Former Secretary of State Hillary Clinton says Ivanka Trump needs to be more assertive in dealing with her father, President Donald Trump.
That according to a Sept. 7 interview with Ariana Davis of Refinery 29, as part of Clinton's publicity campaign for her memoir, "What Happened," which details her thoughts and experiences of the 2016 presidential campaign.
Regarding Ivanka, Davis asked, "Do you feel that she's complicit in the administration's actions, and should we be sympathetic for her?"
Clinton replied with scathing words for the president:
The way I look at it is that the person who has to be held responsible is Donald Trump. He is the president. He listens to who he listens to. He tweets and speaks out, makes common cause with white supremacists and neo-Nazis and Ku Klux Klanners, takes away the protections that were granted to 800,000 Dreamers, and so many ways just trying to impose a political agenda that is turning the clock back, or attempting to do so, in ways that I find not only really repulsive, but wrong-headed, in terms of the kind of country we are. So, everyone associated with him: They're either on board with that or they're not. And if they're not, they need to be speaking out or leaving. But if they remain silent and just give lip service to contrary points of view, then they are part of his agenda and should be judged and held accountable for that.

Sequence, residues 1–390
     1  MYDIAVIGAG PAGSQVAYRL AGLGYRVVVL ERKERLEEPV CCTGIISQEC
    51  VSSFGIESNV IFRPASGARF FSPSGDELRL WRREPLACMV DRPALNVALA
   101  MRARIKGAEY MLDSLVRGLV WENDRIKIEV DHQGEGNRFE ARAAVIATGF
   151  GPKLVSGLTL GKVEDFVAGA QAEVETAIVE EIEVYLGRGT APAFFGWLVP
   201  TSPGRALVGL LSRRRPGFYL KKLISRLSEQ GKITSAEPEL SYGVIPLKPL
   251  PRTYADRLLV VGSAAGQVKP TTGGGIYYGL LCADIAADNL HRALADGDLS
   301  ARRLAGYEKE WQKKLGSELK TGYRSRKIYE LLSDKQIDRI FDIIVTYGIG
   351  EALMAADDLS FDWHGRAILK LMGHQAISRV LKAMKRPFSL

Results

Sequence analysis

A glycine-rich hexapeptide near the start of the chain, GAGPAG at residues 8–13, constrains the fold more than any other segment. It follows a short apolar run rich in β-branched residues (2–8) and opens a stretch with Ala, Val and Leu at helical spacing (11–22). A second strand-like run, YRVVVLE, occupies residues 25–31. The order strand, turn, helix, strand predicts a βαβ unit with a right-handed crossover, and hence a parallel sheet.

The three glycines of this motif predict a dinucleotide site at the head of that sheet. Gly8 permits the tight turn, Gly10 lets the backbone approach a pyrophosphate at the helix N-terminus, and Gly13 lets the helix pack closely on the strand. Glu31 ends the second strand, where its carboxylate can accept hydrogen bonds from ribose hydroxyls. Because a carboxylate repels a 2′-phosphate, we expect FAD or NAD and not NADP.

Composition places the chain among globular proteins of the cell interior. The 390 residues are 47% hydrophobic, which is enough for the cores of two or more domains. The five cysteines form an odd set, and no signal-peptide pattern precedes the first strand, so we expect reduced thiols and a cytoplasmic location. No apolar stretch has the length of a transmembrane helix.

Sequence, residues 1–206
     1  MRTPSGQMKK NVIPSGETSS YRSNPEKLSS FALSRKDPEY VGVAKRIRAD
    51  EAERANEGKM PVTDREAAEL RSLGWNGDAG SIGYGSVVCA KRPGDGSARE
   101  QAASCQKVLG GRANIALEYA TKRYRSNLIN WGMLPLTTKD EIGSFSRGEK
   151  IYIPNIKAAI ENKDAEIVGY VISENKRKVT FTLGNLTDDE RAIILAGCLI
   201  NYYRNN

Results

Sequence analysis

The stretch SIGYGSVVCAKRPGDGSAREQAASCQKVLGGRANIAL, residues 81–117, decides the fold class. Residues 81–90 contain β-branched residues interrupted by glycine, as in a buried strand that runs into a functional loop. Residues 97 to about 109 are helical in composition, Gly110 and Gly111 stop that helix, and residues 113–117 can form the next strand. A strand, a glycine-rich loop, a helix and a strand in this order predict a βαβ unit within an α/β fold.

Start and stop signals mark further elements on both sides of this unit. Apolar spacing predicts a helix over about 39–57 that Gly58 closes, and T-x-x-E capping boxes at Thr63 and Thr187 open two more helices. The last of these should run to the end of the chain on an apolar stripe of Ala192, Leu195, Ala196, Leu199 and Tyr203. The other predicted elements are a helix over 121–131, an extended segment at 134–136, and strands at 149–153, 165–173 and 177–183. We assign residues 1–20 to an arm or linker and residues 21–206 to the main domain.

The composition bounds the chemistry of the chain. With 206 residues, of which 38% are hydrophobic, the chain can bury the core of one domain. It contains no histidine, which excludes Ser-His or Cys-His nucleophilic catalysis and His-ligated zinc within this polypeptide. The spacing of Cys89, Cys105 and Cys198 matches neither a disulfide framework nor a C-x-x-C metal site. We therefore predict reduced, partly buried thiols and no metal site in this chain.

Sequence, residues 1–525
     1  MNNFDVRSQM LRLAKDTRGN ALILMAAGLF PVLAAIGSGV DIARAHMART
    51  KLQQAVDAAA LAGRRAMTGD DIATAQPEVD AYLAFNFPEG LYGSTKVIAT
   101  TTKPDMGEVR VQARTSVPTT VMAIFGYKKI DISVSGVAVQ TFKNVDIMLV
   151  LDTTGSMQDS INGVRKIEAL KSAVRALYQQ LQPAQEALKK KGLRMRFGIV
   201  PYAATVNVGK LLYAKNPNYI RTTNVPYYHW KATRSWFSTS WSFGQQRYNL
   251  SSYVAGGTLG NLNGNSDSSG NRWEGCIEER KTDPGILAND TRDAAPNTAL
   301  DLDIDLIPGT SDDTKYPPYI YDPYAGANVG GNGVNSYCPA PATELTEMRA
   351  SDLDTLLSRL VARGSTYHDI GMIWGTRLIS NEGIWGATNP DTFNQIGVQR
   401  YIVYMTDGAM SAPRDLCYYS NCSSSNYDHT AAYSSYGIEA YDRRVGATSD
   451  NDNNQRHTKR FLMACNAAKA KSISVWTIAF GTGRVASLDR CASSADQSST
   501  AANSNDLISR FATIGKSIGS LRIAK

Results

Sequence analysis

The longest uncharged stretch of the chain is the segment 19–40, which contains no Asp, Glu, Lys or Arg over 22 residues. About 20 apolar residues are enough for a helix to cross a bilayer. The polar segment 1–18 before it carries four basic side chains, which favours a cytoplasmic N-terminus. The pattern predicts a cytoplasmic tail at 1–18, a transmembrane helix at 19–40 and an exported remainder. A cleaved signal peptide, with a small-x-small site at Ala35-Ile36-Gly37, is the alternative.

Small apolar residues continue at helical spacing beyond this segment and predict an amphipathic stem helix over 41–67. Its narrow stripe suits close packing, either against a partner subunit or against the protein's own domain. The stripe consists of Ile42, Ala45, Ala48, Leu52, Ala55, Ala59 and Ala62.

But Ivanka defended her actions in a series of interviews and email correspondence conducted in July and August with The Financial Times, as noted by The Inquisitr.
"Some people have created unrealistic expectations of what they expect from me," she insisted. "That my presence in and of itself would carry so much weight with my father that he would abandon his core values and the agenda that the American people voted for when they elected him. It's not going to happen. To those critics, shy of turning my father into a liberal, I'd be a failure to them."
She also defended herself against the notion she should speak out against administration policies that she disagrees with.
"To voice dissent publicly would mean I'm not part of the team. When you're part of a team, you're part of a team," she says. "That doesn't mean everyone in the White House has homogeneous views -- we don't, and I think that's good and healthy -- but that doesn't mean we're publicly undermining [each other] and this administration."